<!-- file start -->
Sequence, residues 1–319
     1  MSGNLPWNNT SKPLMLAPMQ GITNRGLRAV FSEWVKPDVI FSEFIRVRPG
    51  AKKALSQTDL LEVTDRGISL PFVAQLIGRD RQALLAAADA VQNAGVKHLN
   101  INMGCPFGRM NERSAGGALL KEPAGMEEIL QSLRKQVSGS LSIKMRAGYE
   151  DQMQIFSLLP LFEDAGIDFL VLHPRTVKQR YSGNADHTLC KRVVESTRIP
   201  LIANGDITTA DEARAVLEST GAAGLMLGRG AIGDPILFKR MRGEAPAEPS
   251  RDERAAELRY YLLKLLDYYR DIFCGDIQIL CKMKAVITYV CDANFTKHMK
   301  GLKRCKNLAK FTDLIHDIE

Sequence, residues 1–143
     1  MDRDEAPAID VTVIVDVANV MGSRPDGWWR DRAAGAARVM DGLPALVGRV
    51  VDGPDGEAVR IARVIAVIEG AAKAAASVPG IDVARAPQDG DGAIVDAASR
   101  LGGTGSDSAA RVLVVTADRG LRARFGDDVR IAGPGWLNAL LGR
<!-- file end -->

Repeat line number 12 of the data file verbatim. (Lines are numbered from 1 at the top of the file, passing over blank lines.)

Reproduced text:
   101  LGGTGSDSAA RVLVVTADRG LRARFGDDVR IAGPGWLNAL LGR